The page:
“Yesterday’s” Comic> The Darkstars #0

“I told you I don’t care how good it is I don’t want to watch Game Of Thrones!”

The Darkstars #0

DC Comics (October, 1994)

“Wayward Son”

WRITER: Michael Jan Friedman

PENCILER: Mike Collins

INKER: Ken Branch

COLORIST: Steve Mattsson

LETTERER: Bob Pinaha

ASSISTANT EDITOR: Jason Hernandez-Rosenblatt

EDITOR: Paul Kupperberg

When DC dropped the Green Lantern Corps (by killing most of them off, turning Hal evil, and making Kyle the sole Green Lantern) they created The Darkstars, who are basically the Green Lanterns except with different powers granted by their costumes. John Stewart was even a member of this team at one point.

Continue reading

BW’s Morning Article Link: Han Solo’s New Director

English: Ron Howard at Tribeca Talks After the...

English: Ron Howard at Tribeca Talks After the Movie: A Beautiful Mind, Presented by Tribeca Film Institute and the Alfred P. Sloan Foundation. (Photo credit: Wikipedia)

Last week I posted an article link that the directors for the Han Solo prequel flick had been fired, Lucasfilm citing creative differences. In other words, they didn’t quite match the house style, which was one of my complaints against Rogue One, an otherwise good movie, and fans complained about the prequels, which usually weren’t so great. So they found someone they can work with. Ron Howard will be taking over the film.

The writer of the piece shows some concerns about this, as if they were in favor of any good movie whether it fits the tone of the franchise or not. While I’ll wait for the movie to come out to judge Howard’s performance (he is a good director), if it doesn’t feel like a Star Wars movie, it doesn’t matter how good it is. It can be one of the best movies, but not feel like Star Wars, and thus it will not feel right. This results in a movie that is better served not being part of another IP and thus will be ruined for the audience, especially fans who have an expectation from the name. When you’re creating a piece of an existing property this has to be considered or you’ll be shooting yourself in the foot. And you can’t complain the foot shot first.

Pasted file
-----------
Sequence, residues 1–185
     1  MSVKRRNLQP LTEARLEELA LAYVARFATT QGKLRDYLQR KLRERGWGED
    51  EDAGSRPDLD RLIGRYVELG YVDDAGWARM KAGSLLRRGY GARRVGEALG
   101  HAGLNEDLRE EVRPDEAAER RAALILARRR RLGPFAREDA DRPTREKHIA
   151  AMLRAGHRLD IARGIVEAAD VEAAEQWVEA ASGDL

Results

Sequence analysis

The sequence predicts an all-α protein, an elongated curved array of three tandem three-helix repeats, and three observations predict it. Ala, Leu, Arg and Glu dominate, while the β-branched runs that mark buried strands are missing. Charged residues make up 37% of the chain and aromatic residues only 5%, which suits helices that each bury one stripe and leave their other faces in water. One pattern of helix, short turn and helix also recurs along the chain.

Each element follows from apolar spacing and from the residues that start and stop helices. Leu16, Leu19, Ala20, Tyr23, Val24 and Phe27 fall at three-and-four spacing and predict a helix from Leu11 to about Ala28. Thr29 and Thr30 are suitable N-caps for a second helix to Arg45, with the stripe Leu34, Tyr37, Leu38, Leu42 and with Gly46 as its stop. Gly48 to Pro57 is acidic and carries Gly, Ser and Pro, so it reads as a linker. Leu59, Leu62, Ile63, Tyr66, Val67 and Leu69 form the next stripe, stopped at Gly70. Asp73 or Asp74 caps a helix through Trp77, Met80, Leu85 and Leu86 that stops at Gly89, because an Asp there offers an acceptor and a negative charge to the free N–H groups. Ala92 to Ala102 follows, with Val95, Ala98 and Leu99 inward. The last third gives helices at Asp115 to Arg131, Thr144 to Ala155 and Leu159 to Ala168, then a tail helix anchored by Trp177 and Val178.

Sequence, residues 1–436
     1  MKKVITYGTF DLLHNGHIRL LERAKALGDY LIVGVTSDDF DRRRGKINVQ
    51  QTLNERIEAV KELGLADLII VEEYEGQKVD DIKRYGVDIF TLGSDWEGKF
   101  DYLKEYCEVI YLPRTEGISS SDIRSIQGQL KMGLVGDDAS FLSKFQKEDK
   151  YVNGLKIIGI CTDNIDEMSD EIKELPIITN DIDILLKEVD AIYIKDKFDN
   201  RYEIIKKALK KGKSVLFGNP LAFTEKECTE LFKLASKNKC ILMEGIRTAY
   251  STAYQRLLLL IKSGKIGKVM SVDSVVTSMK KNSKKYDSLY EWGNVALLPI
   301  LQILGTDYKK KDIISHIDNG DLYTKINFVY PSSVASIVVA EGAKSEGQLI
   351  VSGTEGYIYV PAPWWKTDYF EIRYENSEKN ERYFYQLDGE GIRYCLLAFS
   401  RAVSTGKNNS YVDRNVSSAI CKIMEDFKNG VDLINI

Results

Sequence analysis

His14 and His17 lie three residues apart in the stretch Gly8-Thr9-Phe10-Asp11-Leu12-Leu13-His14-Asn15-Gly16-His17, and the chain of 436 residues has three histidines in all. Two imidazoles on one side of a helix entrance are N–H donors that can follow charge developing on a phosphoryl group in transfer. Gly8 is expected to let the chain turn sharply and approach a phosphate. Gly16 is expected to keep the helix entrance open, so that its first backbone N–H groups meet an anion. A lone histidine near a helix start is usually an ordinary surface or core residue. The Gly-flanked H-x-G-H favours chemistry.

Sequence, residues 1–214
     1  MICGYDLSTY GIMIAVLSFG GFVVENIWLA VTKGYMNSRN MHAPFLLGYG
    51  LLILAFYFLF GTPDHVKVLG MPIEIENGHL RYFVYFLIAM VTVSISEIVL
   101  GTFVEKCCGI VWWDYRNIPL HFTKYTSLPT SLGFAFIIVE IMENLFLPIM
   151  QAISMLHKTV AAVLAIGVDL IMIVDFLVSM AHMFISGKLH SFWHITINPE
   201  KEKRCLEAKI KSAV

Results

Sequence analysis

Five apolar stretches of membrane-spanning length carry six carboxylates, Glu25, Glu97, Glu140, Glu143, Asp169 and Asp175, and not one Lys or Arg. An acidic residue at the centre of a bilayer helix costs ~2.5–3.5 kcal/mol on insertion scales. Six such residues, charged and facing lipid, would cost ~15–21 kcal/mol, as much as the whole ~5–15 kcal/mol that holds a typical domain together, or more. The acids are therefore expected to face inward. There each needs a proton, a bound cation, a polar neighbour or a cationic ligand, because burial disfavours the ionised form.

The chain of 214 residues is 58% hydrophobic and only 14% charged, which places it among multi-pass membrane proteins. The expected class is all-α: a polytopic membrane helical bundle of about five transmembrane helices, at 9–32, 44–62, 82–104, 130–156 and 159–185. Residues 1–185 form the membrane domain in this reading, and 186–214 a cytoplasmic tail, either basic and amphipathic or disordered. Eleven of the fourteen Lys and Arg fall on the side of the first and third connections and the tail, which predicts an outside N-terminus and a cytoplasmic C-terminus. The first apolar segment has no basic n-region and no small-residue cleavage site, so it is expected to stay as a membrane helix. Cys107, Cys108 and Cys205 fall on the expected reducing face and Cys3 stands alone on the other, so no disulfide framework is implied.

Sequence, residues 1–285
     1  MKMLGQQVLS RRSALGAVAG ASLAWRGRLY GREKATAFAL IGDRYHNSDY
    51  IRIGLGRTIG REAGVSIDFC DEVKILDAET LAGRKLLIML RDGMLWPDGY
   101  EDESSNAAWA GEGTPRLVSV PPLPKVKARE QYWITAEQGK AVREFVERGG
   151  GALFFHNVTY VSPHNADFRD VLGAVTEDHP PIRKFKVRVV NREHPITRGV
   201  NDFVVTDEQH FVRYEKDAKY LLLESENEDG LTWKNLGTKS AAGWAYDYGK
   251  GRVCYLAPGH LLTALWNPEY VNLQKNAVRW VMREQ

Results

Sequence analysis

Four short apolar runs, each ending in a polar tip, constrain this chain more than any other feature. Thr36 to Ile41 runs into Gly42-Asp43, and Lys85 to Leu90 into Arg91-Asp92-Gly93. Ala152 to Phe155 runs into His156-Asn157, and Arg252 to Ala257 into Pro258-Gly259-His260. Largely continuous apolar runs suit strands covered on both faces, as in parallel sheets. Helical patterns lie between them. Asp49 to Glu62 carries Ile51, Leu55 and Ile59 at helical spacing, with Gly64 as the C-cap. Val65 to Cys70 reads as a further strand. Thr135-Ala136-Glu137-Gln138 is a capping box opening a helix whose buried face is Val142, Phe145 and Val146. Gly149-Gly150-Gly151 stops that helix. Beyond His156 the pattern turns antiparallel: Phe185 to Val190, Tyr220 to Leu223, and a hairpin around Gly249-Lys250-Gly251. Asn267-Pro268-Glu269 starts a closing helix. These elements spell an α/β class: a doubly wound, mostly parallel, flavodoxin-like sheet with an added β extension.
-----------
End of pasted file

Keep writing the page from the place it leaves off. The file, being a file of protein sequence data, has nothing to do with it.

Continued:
Jake & Leon #322: Webcomic – The Enemies part 1

Done in by your own title.

Thanks to a family gathering there was no clutter-cleaning this week. Also I didn’t get to finish the comic the day before, which I’m trying to work on. Doing it the day of means being early on Patreon means nothing. Added to the list of things I need to schedule better but I’m getting there.

I’m hoping this week’s installment of the Seduction Of The Innocent book doesn’t require two chapters. It feel like I’m wasting space but while I went into this book with an open mind, only two chapters in and I’m already convinced Wertham didn’t know what he was talking about. And we haven’t gotten to the part fans bring up the most about this book. As for the comic reviews, nothing really new to report.

Well that was a short update.

Saturday Night Showcase: Voltron – Legendary Defender